Dark spots, or hyperpigmentation, result from the overproduction of melanin in the skin. That extra melanin can be triggered by lots of different things, including sun exposure, hormones, and aging. Irritated skin that stems from acne, waxing, or harsh scrubs can also cause dark spots.
Which is to say that virtually everyone is bound to experience them to some degree.
For those frustrated by their uneven skin tone, take comfort in knowing there are plenty of effective treatments. I’ll highlight a couple you can try at home. If they don’t yield the results you’re hoping for, I’ll also touch upon some highly reliable in-office procedures.
Hydroquinone has been the gold-standard dark spot treatment for the last 50 years. It’s available over the counter in concentrations of 2% or less and by prescription in concentrations of 4% or greater. It works by inhibiting an enzyme called tyrosinase, which is integral to the production of melanin. Basically, the less tyrosinase there is, the less melanin that’s produced.
Hydroquinone can yield results in as little as a couple weeks in some cases, but it generally takes eight to 12 weeks to see a visible difference, depending on the severity of the hyperpigmentation and how long it’s been there, among other factors.
Start with a spot test because it can cause dryness, redness, and burning, which could signal a potential allergic reaction. “Ghosting” is another potential side effect. It’s the inadvertent lightening of the skin outside the targeted area. You can avoid it by applying hydroquinone sparingly to the center of the dark spot and feathering it toward the edges.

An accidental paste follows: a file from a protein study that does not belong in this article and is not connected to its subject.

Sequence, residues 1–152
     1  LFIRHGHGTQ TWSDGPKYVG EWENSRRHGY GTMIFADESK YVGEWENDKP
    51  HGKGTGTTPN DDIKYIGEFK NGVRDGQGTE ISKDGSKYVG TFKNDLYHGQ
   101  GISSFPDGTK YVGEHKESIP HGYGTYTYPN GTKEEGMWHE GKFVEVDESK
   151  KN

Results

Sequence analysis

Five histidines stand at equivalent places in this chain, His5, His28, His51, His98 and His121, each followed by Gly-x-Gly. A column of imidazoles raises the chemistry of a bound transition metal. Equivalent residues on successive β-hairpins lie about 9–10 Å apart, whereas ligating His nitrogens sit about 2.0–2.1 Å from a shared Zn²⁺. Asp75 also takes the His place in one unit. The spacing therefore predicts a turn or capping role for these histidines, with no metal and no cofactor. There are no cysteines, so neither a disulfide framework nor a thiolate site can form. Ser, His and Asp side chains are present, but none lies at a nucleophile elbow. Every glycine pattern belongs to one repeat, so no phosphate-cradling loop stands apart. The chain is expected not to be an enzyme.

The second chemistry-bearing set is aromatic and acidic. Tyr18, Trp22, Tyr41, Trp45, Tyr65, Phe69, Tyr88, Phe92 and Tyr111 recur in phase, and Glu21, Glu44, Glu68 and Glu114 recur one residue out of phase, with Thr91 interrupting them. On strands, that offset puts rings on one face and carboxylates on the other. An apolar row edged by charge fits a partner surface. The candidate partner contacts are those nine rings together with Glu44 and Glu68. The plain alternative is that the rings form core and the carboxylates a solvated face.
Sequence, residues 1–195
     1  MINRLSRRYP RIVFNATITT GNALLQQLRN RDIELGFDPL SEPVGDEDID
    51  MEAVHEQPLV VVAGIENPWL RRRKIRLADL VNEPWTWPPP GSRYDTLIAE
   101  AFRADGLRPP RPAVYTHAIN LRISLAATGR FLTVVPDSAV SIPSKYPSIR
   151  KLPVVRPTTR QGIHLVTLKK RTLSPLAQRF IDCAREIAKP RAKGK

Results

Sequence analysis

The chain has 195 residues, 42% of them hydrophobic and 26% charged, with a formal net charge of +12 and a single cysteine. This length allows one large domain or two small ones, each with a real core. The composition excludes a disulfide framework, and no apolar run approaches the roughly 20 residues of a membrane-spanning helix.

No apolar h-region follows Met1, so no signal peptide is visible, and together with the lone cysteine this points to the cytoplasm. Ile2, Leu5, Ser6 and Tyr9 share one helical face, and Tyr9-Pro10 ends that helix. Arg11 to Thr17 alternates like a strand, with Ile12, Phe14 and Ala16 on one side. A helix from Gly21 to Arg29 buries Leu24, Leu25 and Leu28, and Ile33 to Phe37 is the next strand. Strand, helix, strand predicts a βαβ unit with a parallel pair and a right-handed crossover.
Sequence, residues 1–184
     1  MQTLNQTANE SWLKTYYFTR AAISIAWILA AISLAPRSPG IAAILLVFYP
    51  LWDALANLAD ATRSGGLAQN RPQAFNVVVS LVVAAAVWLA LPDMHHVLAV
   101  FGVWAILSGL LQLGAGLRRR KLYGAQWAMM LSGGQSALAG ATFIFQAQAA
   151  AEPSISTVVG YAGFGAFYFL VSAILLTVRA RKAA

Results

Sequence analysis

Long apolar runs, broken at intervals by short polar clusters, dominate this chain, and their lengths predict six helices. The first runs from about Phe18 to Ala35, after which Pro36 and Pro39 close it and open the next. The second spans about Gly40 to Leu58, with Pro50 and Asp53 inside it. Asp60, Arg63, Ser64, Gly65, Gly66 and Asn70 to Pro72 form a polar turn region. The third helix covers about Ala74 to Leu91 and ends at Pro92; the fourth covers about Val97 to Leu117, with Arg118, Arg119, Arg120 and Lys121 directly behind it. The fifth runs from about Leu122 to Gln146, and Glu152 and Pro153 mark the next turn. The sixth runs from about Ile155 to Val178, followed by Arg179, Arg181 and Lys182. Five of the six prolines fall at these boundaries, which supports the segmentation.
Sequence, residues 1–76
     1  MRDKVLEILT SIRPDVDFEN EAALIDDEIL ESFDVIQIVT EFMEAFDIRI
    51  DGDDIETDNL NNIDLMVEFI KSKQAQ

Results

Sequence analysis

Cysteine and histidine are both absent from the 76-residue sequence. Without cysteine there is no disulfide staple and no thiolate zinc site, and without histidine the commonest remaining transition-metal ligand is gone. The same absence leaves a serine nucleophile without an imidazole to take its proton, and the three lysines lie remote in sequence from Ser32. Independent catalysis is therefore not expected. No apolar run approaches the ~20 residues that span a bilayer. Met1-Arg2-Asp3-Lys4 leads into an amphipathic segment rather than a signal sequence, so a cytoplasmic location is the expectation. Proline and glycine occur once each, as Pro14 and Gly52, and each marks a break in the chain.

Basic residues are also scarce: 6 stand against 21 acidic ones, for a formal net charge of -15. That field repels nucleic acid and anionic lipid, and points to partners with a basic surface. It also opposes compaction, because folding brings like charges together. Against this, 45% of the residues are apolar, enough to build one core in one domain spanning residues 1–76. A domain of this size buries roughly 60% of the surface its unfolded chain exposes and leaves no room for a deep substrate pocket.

Apply it at night in the beginning. Once you’re confident you can tolerate it, increase to twice a day. Be sure to pair it with sunscreen during the day because it can cause sun sensitivity.
Applied topically, vitamin C inhibits enzymatic processes that produce melanin in the skin. And because it’s an antioxidant, it can help block free radicals from causing oxidative damage to the skin (which can lead to a dull complexion, fine lines, and wrinkles, among other concerns).
Vitamin C is a popular hyperpigmentation treatment also because it will lighten only targeted areas, not your entire face. Just apply a few drops to cleansed skin in the morning.
A chemical peel removes the upper layers of the skin, which will ultimately stimulate collagen production, enhance cellular turnover, and reduce the appearance of dark spots. At-home peels likely won’t get deep enough to lighten dark spots. While some professionally administered chemical peels can be too harsh, particularly on sensitive skin. So, be sure to discuss with a board-certified dermatologist how you may react before scheduling one.
It’s also important to keep in mind this is not a quick fix. Generally, three to six treatments spaced out by three to four weeks are needed to see results.
Lasers are the most impactful dark spot treatment available. But not all lasers are capable of achieving the result you want. A focused beam, as opposed to intense pulsed light, is ideal in this situation. It can break up and eliminate the pigment particles in the skin without causing any unwanted effects on the surrounding skin.
Still, you should anticipate several treatments, with three to four weeks in between.